Also, the wet exhaust has much less gasses because the exit temperature is low causing the gas to contract to approx. 1/4 of the volume at the entrance of the manifold, greatly reducing noise. Smell is also reduced because the smelly part of the exhaust products like sulfuric oxides dissolve in water.

    Of course calculated by weight, the output is the same as from a dry stack.
    Compare it with a water closet: you do not really dump less, but most people don't want to trade it for a bucket.
     
  12. michael pierzga
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    michael pierzga Senior Member

    Dry exhaust emits soot balls...wet doesnt.

    As CDK states The transition between vibrating engine and dry exhaust needs special detailing to prevent vibration from entering the hull superstructure.
     
  13. FAST FRED
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    FAST FRED Senior Member

    "needs special detailing to prevent vibration from entering the hull superstructure."

    Other choice is a smoother engine , usually a 6 cylinder.

    FF
     
  14. pha7env
    Joined: Aug 2011
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    pha7env Junior Member

    Thanks guys. I thought as much. We are in the market for an ~45 foot semi older semi-displacement to cruise the loop, gulf and intercoastal. I surely will have wet be fully marinized with wet eshaust and one(hopefully) or two six(es). Not a big fan of the high revving fours. While doing that we I am studying boat architecture and systems in order to buy or build a true displacement passagemaker. This will be the boat with the dry stack and keep cooling. As a side note, it will work very, very hard as do all sea boats, few of which have wet exhaust. There are a number of reasons i will go dry. Some of those reasons or that the same engine costs pennies on the dollar compared to the identical marinized version. Also, limiting through hulls on a deepwater vessel surely is a good thing. And, i am a farmer and rancher and Dodge truck fan and have lived my life with diesel smoke, and the purr of a six cylinder diesel. Must be genetic, because as a teen, i worked and skippered some river tugs and when not working would find myself sitting in the engine room with two 1750 horse cats vibrating me to sleep. Strange i know, but i love that feel and smell. Also, it would seem that going closed loop and dry would provide for much less long term maintainence. My "second boat" has to have a standup engine room, with enough room for a napping chair! I realize there will be more heat to deal with, but i am pretty handy with forced ventilation also. Again thanks, and i hope to learn much from you gentlemen( and surely ladies too).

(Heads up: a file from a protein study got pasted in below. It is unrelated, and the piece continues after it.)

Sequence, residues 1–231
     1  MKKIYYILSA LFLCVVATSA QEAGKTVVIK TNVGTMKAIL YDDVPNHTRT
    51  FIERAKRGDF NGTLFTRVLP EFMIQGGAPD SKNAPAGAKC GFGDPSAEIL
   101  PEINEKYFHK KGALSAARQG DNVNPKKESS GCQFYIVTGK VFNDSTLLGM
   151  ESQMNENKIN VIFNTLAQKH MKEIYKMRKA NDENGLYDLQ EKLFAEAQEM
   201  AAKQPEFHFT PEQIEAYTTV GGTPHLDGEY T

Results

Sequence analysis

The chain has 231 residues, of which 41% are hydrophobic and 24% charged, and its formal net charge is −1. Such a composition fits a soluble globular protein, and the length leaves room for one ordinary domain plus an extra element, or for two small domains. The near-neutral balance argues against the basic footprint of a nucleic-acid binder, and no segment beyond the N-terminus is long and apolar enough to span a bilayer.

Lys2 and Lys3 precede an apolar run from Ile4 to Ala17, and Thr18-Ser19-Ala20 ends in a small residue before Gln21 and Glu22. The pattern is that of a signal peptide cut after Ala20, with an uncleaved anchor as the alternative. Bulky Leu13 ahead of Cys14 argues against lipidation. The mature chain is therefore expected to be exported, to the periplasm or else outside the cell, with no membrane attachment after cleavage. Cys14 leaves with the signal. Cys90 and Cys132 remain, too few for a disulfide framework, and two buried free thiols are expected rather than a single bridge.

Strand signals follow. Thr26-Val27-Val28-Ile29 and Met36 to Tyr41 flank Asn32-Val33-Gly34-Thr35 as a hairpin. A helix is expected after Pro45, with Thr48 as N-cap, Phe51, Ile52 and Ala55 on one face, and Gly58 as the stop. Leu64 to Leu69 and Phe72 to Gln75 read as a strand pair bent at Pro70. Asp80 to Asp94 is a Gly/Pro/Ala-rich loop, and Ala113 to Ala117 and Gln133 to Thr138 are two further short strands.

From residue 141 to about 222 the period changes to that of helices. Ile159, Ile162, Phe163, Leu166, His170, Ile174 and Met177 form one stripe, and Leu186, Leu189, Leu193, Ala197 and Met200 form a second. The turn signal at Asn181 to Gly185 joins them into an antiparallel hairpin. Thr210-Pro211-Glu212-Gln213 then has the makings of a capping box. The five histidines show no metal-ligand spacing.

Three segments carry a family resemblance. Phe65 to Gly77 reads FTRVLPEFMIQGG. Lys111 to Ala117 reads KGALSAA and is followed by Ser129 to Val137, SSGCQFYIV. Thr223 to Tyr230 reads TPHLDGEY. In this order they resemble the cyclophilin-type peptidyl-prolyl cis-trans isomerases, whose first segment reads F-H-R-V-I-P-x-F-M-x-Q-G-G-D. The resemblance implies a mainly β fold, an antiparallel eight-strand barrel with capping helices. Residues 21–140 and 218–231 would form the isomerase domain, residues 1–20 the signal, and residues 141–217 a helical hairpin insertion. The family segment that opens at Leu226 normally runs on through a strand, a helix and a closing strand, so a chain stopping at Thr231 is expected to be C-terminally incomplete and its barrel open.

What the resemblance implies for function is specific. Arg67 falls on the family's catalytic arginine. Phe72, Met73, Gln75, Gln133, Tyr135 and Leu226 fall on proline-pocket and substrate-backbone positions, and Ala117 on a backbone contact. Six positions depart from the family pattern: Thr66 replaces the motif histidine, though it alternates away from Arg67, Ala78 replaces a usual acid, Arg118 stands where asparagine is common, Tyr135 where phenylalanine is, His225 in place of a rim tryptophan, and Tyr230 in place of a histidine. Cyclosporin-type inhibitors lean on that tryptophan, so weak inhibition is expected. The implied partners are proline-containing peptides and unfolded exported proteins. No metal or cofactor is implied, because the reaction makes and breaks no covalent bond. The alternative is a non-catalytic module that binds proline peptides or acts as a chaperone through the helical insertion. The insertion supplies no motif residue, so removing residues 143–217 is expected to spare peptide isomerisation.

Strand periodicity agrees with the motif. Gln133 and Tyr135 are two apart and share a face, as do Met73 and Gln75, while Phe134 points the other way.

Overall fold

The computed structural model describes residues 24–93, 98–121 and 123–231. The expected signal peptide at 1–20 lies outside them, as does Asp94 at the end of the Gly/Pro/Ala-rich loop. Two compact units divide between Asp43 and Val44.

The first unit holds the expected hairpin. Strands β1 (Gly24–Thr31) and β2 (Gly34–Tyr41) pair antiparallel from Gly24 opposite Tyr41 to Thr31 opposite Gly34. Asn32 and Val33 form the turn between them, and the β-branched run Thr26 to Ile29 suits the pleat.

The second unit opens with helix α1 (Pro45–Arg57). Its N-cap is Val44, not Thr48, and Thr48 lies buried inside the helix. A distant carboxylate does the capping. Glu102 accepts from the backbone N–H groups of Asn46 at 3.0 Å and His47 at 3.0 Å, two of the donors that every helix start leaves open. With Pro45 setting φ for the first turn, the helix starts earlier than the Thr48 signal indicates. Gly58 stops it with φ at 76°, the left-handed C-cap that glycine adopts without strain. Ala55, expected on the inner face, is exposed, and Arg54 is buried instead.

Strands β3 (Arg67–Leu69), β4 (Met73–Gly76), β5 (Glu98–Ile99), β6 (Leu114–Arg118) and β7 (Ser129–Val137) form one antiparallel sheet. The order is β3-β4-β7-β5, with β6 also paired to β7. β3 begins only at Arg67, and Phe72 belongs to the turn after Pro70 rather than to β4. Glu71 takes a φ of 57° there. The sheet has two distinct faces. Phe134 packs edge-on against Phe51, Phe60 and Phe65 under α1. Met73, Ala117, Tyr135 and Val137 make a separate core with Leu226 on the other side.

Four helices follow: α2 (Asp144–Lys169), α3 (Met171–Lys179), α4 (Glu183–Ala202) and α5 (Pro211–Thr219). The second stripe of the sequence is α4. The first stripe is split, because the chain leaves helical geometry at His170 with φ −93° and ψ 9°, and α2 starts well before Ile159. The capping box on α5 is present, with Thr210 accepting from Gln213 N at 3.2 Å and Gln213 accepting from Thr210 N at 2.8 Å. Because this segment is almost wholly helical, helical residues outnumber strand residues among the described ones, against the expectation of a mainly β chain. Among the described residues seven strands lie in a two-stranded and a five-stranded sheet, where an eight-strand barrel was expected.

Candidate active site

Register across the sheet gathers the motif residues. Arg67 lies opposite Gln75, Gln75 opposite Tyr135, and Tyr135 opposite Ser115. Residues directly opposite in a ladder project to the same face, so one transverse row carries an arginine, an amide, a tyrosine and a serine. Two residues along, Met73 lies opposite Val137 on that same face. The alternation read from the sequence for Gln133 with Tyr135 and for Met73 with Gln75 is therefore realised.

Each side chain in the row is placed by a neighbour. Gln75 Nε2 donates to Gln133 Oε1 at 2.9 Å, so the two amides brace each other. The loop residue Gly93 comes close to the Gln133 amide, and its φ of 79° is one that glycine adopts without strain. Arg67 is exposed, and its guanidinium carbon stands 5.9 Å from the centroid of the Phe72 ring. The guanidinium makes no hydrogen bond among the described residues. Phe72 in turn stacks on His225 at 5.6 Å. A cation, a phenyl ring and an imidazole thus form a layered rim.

15. pha7env
    Joined: Aug 2011
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    Location: Lake Dannelly, Alabama River

    pha7env Junior Member

    CDK, interesting about the flex mounting verse hard fixed. My freight liner has rubber flex mountings and uses stainless flex from the manifold to the fixed exhaust. Would something like this be possible or is fixed a must?